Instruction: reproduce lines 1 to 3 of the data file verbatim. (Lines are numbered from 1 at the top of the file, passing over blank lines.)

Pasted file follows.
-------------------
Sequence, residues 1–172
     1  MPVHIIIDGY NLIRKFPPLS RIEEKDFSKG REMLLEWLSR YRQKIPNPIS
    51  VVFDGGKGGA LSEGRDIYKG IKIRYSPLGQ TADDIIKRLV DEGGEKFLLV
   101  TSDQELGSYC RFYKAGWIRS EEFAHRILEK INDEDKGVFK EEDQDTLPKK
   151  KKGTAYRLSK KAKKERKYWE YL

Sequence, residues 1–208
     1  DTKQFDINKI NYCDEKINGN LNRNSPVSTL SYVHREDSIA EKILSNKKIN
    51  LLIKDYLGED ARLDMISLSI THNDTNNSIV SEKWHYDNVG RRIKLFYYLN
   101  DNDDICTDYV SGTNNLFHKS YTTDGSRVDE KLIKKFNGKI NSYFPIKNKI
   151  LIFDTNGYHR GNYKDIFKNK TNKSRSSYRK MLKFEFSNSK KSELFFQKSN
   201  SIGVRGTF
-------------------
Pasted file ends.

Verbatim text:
Sequence, residues 1–172
     1  MPVHIIIDGY NLIRKFPPLS RIEEKDFSKG REMLLEWLSR YRQKIPNPIS
    51  VVFDGGKGGA LSEGRDIYKG IKIRYSPLGQ TADDIIKRLV DEGGEKFLLV